Earlier this week GCHQ’s National Cyber Security Centre (NCSC) has warned that some areas of the British electoral system could still be vulnerable to cyber operations, ahead of local elections scheduled for May 3, 2018. In recent years there have been widespread incidents of cyberattacks, using a variety of techniques, including DDoS attacks against government and media websites.
If you’re planning to write on this, please see below for some thoughts from Andrew Lloyd, President at Corero Network Security:
“Whilst this week’s headlines have been dominated by the apparent “mass psychology” attempts by Cambridge Analytica (aided by Facebook) to influence voting intentions, the NCSC is rightly highlighting that the infrastructure of the election process may also be vulnerable. The UK’s pencil & paper voting mechanism largely protects the act of casting a vote, however, the cyber-threat is real for other election infrastructure such as voter registration web portals.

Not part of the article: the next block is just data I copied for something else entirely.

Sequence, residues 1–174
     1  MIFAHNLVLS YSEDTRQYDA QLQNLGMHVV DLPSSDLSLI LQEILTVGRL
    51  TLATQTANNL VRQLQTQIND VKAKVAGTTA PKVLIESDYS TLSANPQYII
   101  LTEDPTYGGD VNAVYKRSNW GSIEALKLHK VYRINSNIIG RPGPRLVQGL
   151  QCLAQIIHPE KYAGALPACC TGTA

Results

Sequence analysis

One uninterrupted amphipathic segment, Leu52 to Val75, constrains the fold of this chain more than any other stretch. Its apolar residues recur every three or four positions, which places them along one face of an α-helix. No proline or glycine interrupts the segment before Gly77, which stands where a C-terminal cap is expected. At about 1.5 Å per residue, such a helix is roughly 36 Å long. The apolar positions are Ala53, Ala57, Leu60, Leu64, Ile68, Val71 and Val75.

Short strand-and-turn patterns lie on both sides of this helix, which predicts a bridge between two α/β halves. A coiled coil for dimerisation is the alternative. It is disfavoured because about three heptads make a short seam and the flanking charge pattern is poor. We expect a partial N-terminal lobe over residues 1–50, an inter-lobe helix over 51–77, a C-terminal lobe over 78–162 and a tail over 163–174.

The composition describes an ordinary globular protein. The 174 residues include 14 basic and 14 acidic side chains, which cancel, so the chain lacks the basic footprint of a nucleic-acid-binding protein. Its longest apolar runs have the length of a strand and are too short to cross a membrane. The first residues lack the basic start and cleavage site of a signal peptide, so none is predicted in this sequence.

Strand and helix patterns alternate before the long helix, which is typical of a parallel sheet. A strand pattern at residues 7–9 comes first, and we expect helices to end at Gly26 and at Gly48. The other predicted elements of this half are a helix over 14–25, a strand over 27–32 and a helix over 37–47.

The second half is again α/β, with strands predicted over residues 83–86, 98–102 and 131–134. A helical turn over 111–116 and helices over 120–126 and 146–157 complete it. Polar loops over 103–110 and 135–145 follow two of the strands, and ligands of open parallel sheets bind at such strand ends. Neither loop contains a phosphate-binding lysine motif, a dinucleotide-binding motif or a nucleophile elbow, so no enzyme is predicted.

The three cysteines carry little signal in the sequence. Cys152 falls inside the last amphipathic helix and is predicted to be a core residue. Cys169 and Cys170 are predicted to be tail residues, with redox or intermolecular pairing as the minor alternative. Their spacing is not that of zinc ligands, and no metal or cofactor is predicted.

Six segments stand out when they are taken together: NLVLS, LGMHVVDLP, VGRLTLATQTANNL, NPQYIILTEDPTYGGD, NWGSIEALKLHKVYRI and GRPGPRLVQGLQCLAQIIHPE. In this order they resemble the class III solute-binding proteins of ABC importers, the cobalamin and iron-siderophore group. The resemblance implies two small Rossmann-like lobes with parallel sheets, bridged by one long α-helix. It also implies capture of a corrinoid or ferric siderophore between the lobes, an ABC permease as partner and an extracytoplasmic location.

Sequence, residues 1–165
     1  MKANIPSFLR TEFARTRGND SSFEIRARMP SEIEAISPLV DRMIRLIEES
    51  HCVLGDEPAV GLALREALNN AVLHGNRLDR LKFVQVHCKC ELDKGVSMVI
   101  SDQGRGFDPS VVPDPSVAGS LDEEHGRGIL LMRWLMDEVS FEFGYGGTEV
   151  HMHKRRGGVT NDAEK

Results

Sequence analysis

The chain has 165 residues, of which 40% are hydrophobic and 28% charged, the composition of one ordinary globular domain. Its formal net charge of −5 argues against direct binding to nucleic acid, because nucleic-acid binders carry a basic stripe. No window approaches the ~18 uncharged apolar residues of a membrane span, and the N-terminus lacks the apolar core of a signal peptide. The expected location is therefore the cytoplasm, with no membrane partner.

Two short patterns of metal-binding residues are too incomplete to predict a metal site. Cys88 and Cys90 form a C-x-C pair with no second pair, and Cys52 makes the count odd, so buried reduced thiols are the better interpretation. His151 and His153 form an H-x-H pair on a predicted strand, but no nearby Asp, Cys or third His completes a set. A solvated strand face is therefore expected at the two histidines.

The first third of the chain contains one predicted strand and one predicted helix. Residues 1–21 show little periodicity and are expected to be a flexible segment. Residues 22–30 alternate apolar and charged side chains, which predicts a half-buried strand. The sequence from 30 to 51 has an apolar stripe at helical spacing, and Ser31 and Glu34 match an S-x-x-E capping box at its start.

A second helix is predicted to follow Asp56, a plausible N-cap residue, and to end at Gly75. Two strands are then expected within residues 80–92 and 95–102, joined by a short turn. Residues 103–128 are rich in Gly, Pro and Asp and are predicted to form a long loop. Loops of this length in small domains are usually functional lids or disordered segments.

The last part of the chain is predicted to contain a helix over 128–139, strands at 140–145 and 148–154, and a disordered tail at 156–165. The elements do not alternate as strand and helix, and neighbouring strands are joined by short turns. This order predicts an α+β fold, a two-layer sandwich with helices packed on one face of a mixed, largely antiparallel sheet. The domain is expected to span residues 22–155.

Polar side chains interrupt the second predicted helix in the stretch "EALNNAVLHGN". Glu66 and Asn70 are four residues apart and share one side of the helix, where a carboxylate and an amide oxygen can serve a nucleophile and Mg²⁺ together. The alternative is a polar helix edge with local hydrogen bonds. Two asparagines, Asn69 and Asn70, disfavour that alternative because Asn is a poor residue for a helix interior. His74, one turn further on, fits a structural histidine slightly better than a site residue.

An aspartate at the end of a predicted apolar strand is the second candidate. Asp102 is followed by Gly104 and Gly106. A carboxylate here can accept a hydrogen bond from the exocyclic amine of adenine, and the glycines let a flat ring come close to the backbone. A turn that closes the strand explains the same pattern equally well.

“Emboldened either by previous success and/or notoriety cyber-attackers will continue to exploit DDoS to make their election point; whether it’s, political, moral, or otherwise. Frustratingly for the security services, it’s seldom possible to identify the attacker or determine the true source of the attack. Where the DDoS traffic emanates from is almost certainly not directly related to the attacker, those who funded the attacks, or the geographical region they are located in.
“Given that we’re unable to deter or identify most of the attackers, we must protect the integrity of the systems being used for the democratic process. The latest always-on real-time automated DDoS protection solutions can keep systems online, and available for citizens and officials to access, at all times before, during and after putting pencil to the voting paper.”